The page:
What to do if you have any questions
Contact the practice’s data controller who is Dr Nathan Spencer GP practices are data controllers for the data they hold about their patients
 Write to the data controller at Great Oakley Medical Centre, 1 Barth Close, Great Oakley. NN18 8LU
The Data Protection Officer (DPO) for Great Oakley Medical Centre is
NBV Enterprise Centre
6 David Lane
0115 838 6770
In the unlikely event that you are unhappy with any element of our data-processing methods, you have the right to lodge a complaint with the ICO. For further details, visit ico.org.uk and select ‘Raising a concern’.
Equality and Diversity Policy
Statement on Policies of GreatOakley Medical Centre
Staff and Patients
The Practice is committed to ensuring that, as far as is reasonably practicable,the way in which we provide services to the public and the way in which we treat our staff reflects their individual needs and does not discriminate against individuals or groups on any grounds.
Equality and Diversity
The Practice aims to promote equality and diversity and value the benefits this brings. It is our aim to ensure that all staff feel valued and have a fair and equitable quality of working life.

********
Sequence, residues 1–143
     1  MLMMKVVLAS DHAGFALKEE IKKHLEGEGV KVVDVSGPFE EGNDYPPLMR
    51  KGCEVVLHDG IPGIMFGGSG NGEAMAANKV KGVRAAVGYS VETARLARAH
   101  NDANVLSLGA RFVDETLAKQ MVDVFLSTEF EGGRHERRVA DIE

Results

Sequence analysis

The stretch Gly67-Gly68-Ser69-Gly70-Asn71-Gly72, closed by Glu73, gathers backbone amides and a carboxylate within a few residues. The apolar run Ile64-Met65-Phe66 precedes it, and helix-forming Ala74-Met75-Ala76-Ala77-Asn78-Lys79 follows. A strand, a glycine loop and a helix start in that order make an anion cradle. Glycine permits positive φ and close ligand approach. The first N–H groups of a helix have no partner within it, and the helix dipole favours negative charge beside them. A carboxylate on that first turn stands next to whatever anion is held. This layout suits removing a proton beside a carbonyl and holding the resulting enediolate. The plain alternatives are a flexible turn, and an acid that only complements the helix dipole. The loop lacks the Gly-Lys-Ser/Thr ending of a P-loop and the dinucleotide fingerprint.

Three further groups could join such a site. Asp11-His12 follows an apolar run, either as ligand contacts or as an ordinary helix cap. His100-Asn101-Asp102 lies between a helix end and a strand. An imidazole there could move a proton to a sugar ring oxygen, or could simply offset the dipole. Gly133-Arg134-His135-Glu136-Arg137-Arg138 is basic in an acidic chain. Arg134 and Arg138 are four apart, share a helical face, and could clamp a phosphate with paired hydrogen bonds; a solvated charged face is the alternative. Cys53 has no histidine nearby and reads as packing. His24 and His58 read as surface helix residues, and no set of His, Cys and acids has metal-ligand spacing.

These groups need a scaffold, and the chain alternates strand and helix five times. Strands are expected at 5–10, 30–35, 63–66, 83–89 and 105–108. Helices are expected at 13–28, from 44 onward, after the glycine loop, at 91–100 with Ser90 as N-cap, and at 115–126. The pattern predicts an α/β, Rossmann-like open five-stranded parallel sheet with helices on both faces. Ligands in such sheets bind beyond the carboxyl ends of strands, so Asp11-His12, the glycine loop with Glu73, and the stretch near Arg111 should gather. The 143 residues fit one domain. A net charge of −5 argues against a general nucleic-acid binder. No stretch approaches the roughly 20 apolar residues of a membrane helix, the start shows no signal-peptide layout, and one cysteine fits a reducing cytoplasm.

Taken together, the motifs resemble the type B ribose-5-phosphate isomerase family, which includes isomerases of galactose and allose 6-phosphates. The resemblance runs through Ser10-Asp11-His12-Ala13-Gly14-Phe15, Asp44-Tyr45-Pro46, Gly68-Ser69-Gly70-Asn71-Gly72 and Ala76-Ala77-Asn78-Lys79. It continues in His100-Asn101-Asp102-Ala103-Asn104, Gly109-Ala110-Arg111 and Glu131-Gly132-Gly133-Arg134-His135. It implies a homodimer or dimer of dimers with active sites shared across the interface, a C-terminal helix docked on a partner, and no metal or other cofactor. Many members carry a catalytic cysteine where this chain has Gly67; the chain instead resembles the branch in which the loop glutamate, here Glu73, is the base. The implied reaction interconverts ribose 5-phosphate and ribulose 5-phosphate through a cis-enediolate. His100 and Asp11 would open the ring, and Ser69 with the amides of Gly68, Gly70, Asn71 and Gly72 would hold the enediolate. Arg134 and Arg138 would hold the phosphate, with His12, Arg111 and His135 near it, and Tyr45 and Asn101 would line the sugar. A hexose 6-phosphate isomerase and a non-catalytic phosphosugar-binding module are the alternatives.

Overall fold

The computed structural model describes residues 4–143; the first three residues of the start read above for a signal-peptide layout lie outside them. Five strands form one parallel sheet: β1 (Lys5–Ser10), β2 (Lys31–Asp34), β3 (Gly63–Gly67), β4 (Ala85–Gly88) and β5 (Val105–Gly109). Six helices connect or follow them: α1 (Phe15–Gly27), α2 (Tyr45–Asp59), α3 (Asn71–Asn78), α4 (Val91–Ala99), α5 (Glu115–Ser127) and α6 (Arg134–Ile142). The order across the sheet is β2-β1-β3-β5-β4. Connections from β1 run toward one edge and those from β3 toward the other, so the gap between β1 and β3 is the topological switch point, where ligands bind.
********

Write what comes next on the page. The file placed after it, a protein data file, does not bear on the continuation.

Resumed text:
The Practice is committed to the principles contained in the Human Rights Act. We aim to ensure that our employment policies protect the rights and interests of our staff and ensure that they are treated in a fair, dignified and equitable way when employed at the Practice.
Any Practice policy which impacts on or involves the use and disclosure of personal information (patient or employee) must make reference to and ensure that the content of the policy is comparable with the relevant statutory or legal requirement and ethical standards.
Data Protection Act1998 and the NHS Confidentiality Code of Practice
The Data Protection Act (DPA) provides a framework which governs the processing of information that identifies living individuals.
Processingincludes holding, obtaining, recording, using and disclosing of information andthe Act applies to all forms of media, including paper and images.